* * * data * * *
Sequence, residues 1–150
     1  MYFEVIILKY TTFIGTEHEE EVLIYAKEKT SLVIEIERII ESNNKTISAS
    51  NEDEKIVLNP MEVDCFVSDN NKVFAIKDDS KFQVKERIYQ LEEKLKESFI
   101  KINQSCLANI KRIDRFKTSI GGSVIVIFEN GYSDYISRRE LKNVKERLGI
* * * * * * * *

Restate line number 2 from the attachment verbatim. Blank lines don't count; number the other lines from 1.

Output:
     1  MYFEVIILKY TTFIGTEHEE EVLIYAKEKT SLVIEIERII ESNNKTISAS